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Last time, I had fun speaking with my friend, red team-minded student/teacher Alana Staszczyszyn.

This time, I had the privilege of speaking with cybersecurity and intelligence industry veteran Theresa Payton. She’s always had tons of responsibility. She went from the White House to start her own private sector firm, Fortalice Solutions.

Kim Crawley: Hi, Theresa! Please tell me about what you do.

Theresa Payton: I’m blessed to be the CEO of Fortalice Solutions, which allows me and my team the opportunity to defend our clients (nations, businesses, and people) from behind a keyboard. I’m also a wife, soccer/cross country/basketball/karate mom to three great kids and the proud mom of two wonderful rescue dogs (Great Pyrenees) named King Seamus and Princess Leia.

KC: So, you helped found Fortalice. What led to the birth of your company? What are some major accomplishments your company has achieved so far?

TP: When I left the White House, I was pregnant with my third child and was reflecting upon my time in the federal government. I felt that the country had invested significant time and training in me during my tenure, and I felt called to honor that.

I searched high and low for a security and intelligence operations company that designed first for the human, trained to think like the adversary and tackled offensive security and incident response the way I felt it needed to be done.

My husband and I discussed this calling, and he encouraged me to launch my own company.

We joke at Fortalice that we are professional secret keepers. My team thinks it’s hilarious that our clients often refer to our team and the work that I do as the Olivia Pope of Cyber since we never discuss our clients or projects we’ve worked on without express written permission. So I can’t divulge too much, but this past year was one of our biggest yet. We were fortunate enough to more than double in size and revenue, and we are continuing on that trajectory now. Working pro-bono with law enforcement and organizations on cases ranging from victims of revenge porn and online dating scams to human trafficking and childhood sexual exploitation is so rewarding because we get to see how technology can literally save lives.

KC: How has being a White House veteran given you an advantage in your private sector cybersecurity work?

TP: Great question! I believe that my time at the White House changed how I look at security and discuss it with the clients we work with today. That has assisted me with our work in the private sector. The pivotal moment for me that shifted how I design a security strategy started in my first 90 days at the White House. It really came down to the people who served at 1600 Pennsylvania Ave. We knew we had to address the hearts and minds of the staff if we wanted to protect their privacy and security. After all, if solving cyber security and privacy issues were as simple as following security best practices, we would all be safe. I realized my old way of thinking—that it was mainly a training, education, policy and process issue—was not going to be enough for what we were facing then and now.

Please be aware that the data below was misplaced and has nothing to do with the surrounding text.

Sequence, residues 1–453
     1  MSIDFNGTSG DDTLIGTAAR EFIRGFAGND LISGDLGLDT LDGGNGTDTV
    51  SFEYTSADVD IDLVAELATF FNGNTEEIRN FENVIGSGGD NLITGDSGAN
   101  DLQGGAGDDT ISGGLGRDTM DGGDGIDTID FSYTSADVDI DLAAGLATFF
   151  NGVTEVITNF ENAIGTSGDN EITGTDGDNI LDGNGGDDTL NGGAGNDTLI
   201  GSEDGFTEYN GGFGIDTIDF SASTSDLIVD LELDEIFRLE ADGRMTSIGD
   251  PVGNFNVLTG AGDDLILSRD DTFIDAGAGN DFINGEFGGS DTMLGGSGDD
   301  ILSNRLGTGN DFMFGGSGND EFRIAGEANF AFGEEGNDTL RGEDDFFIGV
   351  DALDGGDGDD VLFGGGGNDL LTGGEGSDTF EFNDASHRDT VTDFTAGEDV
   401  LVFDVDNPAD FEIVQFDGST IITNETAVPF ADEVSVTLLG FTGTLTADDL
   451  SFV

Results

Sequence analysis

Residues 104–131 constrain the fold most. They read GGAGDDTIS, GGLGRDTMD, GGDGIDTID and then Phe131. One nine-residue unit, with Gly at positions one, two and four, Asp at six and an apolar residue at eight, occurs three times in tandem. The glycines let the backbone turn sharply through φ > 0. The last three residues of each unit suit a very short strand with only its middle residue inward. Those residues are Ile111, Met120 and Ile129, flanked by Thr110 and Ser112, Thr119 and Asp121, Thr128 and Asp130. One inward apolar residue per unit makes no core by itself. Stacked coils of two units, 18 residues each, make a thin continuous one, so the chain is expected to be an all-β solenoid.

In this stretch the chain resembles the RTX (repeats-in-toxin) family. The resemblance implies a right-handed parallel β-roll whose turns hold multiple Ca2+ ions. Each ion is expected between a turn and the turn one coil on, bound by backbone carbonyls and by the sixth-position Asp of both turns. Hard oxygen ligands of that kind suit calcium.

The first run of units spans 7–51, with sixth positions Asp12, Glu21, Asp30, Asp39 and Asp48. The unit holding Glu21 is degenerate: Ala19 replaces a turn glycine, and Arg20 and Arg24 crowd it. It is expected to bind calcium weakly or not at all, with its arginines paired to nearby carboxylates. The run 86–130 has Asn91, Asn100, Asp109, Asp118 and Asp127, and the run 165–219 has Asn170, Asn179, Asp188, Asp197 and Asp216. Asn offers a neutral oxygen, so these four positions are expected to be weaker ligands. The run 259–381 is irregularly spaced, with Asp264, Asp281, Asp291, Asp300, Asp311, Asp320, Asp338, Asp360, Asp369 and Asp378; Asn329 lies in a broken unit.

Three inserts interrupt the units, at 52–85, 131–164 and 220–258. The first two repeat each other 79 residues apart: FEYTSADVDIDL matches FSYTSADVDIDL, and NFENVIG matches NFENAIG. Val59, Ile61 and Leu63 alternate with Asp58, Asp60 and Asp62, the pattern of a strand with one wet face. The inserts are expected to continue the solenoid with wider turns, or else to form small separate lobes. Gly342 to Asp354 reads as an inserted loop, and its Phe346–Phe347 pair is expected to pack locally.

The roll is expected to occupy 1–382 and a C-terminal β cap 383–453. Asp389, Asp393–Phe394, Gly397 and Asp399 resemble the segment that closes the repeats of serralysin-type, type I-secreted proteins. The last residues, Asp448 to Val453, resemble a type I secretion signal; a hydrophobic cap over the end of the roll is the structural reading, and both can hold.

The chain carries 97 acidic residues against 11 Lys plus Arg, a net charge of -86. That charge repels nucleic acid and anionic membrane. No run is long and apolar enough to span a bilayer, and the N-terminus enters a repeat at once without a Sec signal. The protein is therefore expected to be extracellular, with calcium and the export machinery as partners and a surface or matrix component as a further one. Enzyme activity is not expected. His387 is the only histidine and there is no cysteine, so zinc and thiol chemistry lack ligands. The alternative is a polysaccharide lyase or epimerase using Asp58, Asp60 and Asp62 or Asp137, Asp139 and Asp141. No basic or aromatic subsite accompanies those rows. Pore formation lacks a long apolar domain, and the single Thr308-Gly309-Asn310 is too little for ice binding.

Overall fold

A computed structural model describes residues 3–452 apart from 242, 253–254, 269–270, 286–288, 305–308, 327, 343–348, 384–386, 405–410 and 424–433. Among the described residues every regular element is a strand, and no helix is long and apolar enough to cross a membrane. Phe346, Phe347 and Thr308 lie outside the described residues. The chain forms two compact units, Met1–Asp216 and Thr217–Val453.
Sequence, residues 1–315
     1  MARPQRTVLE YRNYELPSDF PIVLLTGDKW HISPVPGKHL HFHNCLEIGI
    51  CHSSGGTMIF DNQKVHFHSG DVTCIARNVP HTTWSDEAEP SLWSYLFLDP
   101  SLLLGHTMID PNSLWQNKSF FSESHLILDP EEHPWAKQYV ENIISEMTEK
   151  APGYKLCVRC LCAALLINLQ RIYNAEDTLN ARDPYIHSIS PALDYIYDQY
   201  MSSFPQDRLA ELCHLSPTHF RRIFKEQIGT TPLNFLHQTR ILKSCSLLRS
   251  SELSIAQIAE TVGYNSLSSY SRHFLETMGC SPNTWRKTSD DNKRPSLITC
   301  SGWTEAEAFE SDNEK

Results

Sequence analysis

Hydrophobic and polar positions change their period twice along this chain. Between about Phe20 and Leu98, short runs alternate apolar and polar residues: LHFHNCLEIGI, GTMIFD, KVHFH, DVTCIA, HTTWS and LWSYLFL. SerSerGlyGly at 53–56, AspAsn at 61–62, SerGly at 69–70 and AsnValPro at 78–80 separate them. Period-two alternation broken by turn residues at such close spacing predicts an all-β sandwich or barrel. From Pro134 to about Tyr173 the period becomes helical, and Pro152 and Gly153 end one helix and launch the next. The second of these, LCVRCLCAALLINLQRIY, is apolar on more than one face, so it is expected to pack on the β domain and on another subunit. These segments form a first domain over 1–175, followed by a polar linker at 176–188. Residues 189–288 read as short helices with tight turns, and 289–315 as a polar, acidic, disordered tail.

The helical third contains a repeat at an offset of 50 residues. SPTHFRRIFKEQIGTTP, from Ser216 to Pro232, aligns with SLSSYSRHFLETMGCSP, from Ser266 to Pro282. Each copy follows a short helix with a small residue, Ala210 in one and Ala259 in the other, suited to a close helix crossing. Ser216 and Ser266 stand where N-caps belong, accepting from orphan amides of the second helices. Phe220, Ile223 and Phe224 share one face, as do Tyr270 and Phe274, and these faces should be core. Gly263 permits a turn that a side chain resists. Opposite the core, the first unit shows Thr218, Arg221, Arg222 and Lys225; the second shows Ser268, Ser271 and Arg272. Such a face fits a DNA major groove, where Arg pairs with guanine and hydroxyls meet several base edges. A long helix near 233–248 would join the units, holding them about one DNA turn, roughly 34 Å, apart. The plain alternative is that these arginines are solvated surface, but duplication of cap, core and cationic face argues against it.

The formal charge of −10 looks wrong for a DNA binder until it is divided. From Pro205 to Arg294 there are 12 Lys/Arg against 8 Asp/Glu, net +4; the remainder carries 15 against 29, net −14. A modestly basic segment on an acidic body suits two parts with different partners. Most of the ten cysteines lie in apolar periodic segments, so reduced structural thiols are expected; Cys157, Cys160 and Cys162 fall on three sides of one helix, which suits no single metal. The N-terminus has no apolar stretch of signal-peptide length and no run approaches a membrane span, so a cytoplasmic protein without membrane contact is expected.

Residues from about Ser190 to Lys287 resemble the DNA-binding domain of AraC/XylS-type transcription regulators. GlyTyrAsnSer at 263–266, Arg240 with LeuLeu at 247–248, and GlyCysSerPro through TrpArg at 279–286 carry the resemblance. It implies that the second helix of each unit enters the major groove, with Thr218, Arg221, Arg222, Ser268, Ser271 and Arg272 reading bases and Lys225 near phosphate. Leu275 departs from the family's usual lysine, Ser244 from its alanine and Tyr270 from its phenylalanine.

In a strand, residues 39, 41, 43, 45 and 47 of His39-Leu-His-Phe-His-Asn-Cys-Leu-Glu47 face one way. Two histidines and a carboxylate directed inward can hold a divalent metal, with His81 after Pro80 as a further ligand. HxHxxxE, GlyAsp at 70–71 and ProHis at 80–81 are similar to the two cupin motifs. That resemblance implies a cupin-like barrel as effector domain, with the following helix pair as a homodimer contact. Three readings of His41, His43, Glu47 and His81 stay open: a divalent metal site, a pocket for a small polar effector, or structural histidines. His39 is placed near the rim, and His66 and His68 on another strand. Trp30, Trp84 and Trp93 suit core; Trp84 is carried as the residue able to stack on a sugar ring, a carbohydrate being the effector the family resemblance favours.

I would also add that things have changed tremendously since my time at the White House.

KC: Do you have any advice for women who are considering careers in intelligence or cybersecurity?

TP: When I was CIO, which was from 2006 to 2008, we were right at the beginning of truly harnessing the power of big data analytics, implementing more internet of things devices and witnessing the bloom of still-budding social media scene. Sometimes even I forget that it was just 2007 when Apple released the first-generation iPhone!

As much as things change, the more they stay the same, though. Designs must include options for maintaining operational stability and resiliency even during a major catastrophe where the cause is nature-made or man-made. In an age where cybercrime constantly changes, as does the technology in the hands of people, the security approach needs to evolve and stay creative and dynamic.

A lot of progress has been made to make the field more accessible to women and more attractive as a career choice, but we still have so far to go. First of all, I am so grateful that President Bush and his leadership team at the Executive Office of the President made diversity and inclusion such a high priority during his administration.

It was a true honor to be the first in several roles throughout my career, including as the first female CIO at the White House. There was a wonderful level of professional courtesy and respect, and when you’re working 18-hour days with people, you tend to break down most barriers pretty quickly. And I am very proud of improving the overall technology and security platforms at the White House, as well as being able to recruit really great talent, including women and minorities, into the CIO team at the Executive Office of the President.

Within our own company Fortalice, we do a mentor/protégé programme. When people come in and they haven’t done cyber before, they get assigned somebody in the company that’s their coach and mentor.